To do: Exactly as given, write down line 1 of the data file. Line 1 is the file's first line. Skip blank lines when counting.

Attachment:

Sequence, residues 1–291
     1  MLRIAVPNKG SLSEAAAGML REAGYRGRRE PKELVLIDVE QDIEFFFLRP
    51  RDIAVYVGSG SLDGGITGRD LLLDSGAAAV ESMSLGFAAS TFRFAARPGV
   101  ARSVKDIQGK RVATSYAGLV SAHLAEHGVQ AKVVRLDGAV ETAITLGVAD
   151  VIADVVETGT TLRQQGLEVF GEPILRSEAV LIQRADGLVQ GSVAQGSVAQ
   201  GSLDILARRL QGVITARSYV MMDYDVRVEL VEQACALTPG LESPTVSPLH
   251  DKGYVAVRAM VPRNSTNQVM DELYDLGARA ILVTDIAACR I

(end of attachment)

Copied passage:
Sequence, residues 1–291